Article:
Minority journalists to meet in Seattle Group picks Wash. despite affirmative action vote


A coalition of minority journalists' groups has ended one of the most fractious, if least visible, civil rights debates of the year, agreeing to keep its convention in Seattle despite Washington state's vote against affirmative action.

The decision by the coalition, Unity: Journalists of Color, came after a debate that threatened to cripple the organization, which brings black, Asian, Hispanic and American Indian journalists under a single roof. Organized 10 years ago in the belief that nonwhite journalists have common goals, Unity nearly split over how to confront the rollback of affirmative action around the country.

It was a snapshot of the problems inherited by a generation of successful minority professionals who fear that once-open doors are closing, and an illustration of the perils built into a cross-cultural coalition.

In this case, leaders of the National Association of Black Journalists said that holding the convention in Seattle would break faith with history by having 6,000 minority professionals spend $20 million in a state rejecting government-sponsored affirmative action.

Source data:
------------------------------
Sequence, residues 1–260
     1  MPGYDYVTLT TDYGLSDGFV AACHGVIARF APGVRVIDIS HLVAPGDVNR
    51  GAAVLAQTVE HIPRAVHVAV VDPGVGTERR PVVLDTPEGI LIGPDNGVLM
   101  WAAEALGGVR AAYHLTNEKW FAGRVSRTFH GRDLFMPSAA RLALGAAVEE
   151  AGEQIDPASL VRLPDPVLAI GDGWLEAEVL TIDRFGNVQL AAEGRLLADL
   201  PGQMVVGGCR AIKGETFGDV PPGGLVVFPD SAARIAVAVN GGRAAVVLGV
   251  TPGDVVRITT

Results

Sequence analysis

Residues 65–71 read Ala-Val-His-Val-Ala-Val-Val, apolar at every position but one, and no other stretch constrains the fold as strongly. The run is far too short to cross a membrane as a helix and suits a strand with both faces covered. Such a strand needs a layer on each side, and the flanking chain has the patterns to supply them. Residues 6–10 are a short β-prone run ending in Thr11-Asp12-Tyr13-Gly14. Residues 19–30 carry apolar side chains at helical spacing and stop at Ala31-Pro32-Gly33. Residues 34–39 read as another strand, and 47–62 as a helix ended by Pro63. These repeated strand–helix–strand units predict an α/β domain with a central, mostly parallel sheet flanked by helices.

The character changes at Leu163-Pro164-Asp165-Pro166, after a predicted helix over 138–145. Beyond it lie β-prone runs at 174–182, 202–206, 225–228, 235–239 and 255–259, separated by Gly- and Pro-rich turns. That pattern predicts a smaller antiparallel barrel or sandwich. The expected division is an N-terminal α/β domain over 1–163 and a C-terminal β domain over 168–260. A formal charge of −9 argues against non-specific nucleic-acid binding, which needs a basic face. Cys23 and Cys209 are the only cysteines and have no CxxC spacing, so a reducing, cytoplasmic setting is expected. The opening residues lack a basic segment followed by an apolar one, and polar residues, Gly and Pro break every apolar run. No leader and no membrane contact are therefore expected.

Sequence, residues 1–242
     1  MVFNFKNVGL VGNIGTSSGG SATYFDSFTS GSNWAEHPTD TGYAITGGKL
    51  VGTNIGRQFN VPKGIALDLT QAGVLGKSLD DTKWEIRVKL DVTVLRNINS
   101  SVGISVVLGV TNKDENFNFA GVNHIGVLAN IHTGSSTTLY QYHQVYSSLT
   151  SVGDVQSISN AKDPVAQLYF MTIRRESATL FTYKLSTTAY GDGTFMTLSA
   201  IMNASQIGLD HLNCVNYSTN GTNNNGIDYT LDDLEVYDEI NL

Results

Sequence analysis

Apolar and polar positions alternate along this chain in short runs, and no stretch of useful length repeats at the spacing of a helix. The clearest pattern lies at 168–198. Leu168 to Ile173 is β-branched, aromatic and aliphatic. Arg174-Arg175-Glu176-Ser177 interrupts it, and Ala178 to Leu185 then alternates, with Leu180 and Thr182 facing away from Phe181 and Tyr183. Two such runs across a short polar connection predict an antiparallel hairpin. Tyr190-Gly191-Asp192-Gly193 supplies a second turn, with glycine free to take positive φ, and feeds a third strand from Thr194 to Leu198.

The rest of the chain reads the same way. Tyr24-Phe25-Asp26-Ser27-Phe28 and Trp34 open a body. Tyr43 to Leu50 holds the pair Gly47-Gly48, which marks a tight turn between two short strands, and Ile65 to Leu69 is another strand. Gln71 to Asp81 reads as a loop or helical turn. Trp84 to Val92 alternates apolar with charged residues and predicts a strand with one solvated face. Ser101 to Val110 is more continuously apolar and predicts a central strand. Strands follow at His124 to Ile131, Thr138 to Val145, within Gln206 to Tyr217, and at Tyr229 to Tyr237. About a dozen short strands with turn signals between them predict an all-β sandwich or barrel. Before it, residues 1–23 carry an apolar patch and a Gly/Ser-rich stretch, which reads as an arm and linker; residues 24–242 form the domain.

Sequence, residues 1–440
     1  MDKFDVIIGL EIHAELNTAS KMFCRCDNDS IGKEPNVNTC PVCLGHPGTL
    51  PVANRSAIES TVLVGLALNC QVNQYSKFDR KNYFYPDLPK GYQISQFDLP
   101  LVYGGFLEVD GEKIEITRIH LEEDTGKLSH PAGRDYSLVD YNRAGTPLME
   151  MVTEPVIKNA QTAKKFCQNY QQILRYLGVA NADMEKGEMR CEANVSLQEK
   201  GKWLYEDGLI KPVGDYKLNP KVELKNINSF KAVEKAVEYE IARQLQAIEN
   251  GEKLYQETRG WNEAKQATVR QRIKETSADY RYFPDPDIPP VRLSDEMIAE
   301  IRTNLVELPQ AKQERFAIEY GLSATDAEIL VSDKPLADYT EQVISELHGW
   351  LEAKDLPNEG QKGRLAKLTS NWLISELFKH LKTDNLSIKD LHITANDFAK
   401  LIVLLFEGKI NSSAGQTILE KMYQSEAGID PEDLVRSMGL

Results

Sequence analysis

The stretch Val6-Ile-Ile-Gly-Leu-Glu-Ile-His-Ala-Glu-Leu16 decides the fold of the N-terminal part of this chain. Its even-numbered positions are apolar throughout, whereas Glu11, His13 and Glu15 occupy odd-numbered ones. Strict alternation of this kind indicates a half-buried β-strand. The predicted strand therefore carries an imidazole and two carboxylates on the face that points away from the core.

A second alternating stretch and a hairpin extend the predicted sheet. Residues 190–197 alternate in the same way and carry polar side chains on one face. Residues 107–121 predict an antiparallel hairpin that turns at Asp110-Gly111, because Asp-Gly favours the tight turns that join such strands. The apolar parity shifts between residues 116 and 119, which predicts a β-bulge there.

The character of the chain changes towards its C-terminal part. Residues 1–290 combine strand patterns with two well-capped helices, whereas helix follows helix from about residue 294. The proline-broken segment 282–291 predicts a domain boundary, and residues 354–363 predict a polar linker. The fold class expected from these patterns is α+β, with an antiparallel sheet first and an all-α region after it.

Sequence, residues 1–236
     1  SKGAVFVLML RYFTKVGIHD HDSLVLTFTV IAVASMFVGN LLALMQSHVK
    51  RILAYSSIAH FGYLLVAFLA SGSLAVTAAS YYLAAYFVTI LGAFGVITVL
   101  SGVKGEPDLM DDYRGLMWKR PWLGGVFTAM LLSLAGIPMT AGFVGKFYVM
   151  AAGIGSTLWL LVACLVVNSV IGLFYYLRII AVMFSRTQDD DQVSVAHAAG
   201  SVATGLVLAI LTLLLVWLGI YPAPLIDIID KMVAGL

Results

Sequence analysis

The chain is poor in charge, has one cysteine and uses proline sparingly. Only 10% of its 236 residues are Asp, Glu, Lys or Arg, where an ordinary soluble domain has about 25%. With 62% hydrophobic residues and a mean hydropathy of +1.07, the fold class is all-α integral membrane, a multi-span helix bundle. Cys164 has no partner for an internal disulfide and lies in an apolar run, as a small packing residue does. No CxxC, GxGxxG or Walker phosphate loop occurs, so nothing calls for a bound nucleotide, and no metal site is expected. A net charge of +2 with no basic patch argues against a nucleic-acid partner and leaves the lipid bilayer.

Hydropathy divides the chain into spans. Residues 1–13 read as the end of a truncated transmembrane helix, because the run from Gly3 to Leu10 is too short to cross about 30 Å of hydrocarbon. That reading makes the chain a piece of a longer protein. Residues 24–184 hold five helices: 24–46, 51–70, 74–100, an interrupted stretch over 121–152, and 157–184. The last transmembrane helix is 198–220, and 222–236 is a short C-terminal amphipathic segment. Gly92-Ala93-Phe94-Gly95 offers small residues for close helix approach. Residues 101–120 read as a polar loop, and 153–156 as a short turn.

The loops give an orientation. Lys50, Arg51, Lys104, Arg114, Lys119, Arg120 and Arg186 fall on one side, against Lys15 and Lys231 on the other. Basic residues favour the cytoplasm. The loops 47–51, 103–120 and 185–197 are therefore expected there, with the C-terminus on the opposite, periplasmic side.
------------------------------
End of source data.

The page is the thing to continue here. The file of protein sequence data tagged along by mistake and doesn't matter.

But leaders of the Native American Journalists Association, with support from Hispanic colleagues, argued that a boycott would break faith with their groups, which could be financially crippled by hotel cancellation fees of $500,000 or more.

So painful did the six-month debate become that some participants unsuccessfully sought a diversity training session to clarify cultural differences among themselves.

"We as the next generation are trying to figure out how we continue the civil rights struggle," said Vanessa Williams, the president of the black journalists' group and a reporter who covers city government for the Washington Post. "The target is not so blatant. Now there are clear differences of opinion and also some confusion about how and when to fight."

Other Unity members, including some blacks, thought that a boycott was one of several possible responses but that the goal of holding Unity together was more important than any particular tactic. "There are hardly any other organizations in North America that operate the way Unity does," said Paul DeMain, the publisher of News From Indian Country.

Pub Date: 11/08/98

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